Monday, 20 October 2008

technology meets the electoral process

 A small win for technology in the electoral process last Saturday at the ACT elections for a new territory government. 

Up to now the process has been resolutely nineteenth century, turn up, give your name to the electoral clerk, who then riffles through a massive bound listing of the electors' register, asks you to confirm your address, and rules off your entry to show you've voted and then hands you a ballot paper.

As voting's compulsory, I guess that some group of poor bastards had to collate all the entries to make sure all us good citizens had voted - preferably only once - and issue infringement notices for anyone who didn't and didn't have a good excuse.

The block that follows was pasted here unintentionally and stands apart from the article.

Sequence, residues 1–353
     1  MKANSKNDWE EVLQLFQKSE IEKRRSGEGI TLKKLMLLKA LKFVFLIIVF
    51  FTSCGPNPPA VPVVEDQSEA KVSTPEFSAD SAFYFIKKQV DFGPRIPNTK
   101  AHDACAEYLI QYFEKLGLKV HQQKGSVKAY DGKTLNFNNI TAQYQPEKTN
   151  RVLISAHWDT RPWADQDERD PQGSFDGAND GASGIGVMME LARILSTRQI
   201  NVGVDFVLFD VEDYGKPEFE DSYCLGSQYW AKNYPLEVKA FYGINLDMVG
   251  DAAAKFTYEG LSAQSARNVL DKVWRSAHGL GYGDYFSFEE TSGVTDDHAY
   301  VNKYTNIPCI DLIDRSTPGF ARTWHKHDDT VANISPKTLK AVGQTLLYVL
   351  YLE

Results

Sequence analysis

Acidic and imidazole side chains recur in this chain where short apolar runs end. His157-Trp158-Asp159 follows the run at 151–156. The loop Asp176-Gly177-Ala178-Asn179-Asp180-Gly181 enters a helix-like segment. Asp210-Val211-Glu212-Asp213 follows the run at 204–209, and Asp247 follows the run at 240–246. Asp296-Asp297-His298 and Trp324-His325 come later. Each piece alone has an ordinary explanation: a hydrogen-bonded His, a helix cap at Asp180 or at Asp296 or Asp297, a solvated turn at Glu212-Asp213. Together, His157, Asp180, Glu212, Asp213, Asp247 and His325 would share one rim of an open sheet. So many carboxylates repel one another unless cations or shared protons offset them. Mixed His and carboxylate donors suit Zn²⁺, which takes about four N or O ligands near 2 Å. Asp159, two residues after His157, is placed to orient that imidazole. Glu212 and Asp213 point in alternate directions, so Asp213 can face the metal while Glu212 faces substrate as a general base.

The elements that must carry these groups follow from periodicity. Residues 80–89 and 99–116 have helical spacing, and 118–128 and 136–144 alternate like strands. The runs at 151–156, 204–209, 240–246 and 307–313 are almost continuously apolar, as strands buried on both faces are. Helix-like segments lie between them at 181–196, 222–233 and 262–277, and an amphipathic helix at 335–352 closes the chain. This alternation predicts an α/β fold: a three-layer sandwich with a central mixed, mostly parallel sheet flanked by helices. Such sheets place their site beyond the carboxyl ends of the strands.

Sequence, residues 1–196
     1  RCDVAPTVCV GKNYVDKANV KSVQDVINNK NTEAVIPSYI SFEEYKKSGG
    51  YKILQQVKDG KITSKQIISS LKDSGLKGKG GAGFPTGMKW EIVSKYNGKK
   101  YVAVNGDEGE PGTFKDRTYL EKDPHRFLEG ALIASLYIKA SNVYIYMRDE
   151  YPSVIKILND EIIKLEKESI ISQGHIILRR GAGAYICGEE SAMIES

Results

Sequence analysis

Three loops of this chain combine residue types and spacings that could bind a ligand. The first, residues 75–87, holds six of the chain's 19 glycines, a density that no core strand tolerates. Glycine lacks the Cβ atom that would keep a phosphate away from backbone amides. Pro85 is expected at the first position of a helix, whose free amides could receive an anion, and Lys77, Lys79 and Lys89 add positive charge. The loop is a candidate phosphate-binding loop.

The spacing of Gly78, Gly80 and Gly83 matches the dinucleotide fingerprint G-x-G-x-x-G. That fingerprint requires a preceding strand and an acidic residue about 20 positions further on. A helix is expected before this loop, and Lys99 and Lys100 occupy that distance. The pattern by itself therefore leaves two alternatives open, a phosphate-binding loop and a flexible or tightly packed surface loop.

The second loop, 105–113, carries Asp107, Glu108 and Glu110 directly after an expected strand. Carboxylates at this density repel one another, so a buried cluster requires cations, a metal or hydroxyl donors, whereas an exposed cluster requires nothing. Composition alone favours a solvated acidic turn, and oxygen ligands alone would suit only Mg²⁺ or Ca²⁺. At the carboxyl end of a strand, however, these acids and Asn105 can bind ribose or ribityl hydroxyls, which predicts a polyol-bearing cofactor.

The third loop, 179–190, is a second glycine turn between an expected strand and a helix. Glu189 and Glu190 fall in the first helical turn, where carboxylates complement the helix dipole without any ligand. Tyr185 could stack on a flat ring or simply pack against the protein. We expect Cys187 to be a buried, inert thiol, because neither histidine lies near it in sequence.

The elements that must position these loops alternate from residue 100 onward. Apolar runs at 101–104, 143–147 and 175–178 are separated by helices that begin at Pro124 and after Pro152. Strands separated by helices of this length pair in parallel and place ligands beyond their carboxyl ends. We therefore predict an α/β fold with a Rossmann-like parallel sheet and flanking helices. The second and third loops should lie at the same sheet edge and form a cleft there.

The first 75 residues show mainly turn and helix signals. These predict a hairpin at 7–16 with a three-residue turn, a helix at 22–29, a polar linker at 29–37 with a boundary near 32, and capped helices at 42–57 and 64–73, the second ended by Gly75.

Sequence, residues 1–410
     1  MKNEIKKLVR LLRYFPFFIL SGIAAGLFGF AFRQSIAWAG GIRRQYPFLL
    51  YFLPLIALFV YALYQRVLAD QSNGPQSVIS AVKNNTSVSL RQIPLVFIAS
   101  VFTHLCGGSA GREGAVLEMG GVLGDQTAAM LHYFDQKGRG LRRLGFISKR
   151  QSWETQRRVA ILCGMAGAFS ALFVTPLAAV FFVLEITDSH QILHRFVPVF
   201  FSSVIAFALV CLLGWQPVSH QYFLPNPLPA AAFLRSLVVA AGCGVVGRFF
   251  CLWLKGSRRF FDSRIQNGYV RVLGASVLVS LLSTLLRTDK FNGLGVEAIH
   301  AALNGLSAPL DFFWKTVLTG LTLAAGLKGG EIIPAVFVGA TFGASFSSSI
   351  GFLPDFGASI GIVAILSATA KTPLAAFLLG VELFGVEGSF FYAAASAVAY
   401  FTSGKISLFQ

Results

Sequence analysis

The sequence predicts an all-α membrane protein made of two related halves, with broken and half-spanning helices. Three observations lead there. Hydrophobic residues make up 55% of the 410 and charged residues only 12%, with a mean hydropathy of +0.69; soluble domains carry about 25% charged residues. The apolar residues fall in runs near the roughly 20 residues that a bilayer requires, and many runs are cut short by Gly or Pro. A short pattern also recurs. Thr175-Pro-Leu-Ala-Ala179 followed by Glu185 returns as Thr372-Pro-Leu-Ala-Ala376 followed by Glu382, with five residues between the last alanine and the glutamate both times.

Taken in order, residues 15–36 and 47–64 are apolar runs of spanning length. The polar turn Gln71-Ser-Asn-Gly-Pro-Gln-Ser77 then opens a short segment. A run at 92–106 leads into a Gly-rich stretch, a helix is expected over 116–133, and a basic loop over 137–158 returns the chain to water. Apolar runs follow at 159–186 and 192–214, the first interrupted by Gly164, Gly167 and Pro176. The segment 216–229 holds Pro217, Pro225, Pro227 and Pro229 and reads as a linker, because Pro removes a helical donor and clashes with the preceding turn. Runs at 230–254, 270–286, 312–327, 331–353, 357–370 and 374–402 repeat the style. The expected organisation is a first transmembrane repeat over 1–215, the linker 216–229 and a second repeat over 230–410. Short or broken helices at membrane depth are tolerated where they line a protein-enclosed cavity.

Well last Saturday was different. Queue up, talk to the elections clerk who uses a wireless pda to confirm your registration details against the voter's database before handing you your ballot paper. No riffling, no collating. No costs for printing the electoral roll.

What's even nicer is that they borrowed the pda's from the Queensland electoral commission so no acquisition cost, just the software development and network costs.

What I especially liked about it was its sensible, low key, pragmatic use of technology and unlike voting machines with their endless complications and audit requirements, totally non-controversial.

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